Today Donald Trump will become the 45th President of the United States. He comes into office having lost the popular vote by 3 million to Secretary Clinton, after experiencing the lowest approval rating of any incoming president on record, all while under a shroud of unprecedented allegations of foreign meddling in the election. He takes the most powerful office in the land with a federal government dominated by his questionably-aligned party, facing a decimated and rudderless opposition, under the confused, delegitimized eyes of the press. He enters a world stage that is suffering a near universal retreat of liberal values and the rise of ethno-nationalism in the wake of ever-increasing inequality, temperatures, and sea levels. And yet, as of today, many claim not to know what to expect from the man.
Of course there are reasons for this confusion. President Trump ran a campaign that oscillated wildly between standard Republican positions, shocking hard-right proposals, and incoherent populist rhetoric. I won’t spend time rehashing the litany of lies, contradictions, or fantasies that spewed from the candidate anymore than I will spend time rehashing the offensive, irresponsible, and dangerous language that he used.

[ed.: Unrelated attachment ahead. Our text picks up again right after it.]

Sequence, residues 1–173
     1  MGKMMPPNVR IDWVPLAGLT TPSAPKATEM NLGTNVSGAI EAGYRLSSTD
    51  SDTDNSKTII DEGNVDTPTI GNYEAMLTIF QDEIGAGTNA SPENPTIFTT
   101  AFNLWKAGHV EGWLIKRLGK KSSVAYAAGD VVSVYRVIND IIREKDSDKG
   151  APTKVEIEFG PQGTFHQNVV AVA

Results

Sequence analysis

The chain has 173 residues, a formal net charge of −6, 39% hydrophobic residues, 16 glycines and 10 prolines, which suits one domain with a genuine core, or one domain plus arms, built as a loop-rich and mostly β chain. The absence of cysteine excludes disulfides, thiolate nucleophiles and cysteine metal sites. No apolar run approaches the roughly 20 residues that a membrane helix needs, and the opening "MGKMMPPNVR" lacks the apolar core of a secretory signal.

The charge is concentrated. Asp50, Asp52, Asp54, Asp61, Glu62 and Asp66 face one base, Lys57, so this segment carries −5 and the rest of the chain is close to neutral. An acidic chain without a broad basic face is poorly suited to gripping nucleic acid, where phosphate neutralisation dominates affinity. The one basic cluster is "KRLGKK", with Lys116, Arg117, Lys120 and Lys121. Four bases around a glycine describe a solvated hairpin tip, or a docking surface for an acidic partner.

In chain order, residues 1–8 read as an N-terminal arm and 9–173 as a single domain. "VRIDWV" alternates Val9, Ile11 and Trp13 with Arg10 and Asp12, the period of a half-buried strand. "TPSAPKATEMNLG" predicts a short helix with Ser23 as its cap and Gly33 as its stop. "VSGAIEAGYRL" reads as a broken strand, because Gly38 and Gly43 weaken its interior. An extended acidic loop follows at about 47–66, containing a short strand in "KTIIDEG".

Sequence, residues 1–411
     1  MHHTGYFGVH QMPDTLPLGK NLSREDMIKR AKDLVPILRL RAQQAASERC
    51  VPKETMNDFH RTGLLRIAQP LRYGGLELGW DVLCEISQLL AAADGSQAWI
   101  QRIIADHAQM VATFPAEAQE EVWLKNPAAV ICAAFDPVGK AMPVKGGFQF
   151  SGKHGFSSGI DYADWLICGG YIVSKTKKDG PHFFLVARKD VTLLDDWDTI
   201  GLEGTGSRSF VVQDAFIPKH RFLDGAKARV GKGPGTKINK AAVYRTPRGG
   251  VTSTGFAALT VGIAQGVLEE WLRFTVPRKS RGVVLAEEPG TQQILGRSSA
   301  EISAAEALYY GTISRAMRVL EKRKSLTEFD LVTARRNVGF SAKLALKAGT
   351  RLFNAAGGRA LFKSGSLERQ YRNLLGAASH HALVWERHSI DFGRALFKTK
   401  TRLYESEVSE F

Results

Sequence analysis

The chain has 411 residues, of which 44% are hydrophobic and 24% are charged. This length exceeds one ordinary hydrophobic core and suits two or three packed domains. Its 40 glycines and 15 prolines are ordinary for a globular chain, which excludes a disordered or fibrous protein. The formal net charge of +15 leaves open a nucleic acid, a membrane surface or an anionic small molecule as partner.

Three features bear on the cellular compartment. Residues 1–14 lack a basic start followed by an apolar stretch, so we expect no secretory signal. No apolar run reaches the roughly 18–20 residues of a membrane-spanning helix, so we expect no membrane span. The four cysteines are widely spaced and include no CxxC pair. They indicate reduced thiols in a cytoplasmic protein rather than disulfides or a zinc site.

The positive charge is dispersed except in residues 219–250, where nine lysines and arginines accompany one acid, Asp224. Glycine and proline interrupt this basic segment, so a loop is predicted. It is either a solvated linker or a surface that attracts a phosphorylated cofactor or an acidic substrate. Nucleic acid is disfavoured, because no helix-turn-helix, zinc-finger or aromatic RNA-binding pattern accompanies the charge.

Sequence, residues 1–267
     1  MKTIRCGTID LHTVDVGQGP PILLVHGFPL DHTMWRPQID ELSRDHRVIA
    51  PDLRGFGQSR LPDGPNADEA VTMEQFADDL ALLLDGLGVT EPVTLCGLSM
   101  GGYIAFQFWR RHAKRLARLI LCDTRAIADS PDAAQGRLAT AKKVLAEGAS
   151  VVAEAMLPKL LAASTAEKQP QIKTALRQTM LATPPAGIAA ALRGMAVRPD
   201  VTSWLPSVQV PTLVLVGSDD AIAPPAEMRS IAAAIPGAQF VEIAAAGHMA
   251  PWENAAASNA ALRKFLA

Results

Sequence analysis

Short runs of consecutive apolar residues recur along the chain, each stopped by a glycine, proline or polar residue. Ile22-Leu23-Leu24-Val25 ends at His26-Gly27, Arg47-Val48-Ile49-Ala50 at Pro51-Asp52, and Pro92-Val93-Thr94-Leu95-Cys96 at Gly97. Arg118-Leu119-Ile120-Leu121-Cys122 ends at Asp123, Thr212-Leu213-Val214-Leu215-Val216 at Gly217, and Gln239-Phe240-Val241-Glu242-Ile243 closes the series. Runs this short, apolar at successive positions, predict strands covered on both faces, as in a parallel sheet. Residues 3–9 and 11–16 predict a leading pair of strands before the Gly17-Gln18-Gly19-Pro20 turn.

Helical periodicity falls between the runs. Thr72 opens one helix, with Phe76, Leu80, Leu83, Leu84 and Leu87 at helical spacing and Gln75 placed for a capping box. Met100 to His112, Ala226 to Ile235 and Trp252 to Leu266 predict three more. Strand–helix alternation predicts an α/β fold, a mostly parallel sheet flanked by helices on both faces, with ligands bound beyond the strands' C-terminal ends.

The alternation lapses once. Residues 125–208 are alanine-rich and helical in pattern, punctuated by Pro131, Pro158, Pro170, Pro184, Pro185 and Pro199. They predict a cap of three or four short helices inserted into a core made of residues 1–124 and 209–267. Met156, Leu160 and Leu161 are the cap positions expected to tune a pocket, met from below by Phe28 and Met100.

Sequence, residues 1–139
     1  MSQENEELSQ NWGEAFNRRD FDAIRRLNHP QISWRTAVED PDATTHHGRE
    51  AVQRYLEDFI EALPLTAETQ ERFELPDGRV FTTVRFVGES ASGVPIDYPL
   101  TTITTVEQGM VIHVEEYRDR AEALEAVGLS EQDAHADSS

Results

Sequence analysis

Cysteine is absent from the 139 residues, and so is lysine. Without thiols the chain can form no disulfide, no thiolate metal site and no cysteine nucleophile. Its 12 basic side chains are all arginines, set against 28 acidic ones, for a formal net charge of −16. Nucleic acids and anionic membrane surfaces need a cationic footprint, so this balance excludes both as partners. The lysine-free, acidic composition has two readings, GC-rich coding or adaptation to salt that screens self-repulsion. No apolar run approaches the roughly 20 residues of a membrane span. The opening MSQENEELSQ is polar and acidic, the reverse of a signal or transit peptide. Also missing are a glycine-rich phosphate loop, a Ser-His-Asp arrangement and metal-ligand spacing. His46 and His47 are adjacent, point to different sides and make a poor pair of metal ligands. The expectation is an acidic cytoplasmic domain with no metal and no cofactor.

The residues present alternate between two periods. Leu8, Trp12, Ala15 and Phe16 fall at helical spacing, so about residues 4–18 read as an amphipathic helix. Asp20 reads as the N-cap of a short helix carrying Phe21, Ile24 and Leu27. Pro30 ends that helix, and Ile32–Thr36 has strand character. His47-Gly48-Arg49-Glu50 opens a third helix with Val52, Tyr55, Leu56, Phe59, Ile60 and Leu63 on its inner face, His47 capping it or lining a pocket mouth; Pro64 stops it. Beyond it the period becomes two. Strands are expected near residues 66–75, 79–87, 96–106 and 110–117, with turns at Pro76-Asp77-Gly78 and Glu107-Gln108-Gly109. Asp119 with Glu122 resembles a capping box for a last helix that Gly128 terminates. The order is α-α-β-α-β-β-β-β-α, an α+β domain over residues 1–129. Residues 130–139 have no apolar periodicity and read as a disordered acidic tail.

But we know many things about the Trump Administration based on the Trump Campaign. First, some successes: Mr. Trump has a genius for social media and showmanship, has an ear for the underrepresented voices in America (in media if not government at any rate), and a knack for slaying the sacred cows of our conventional politics. These were assets for gaining attention in a shallow, media-soaked campaign environment.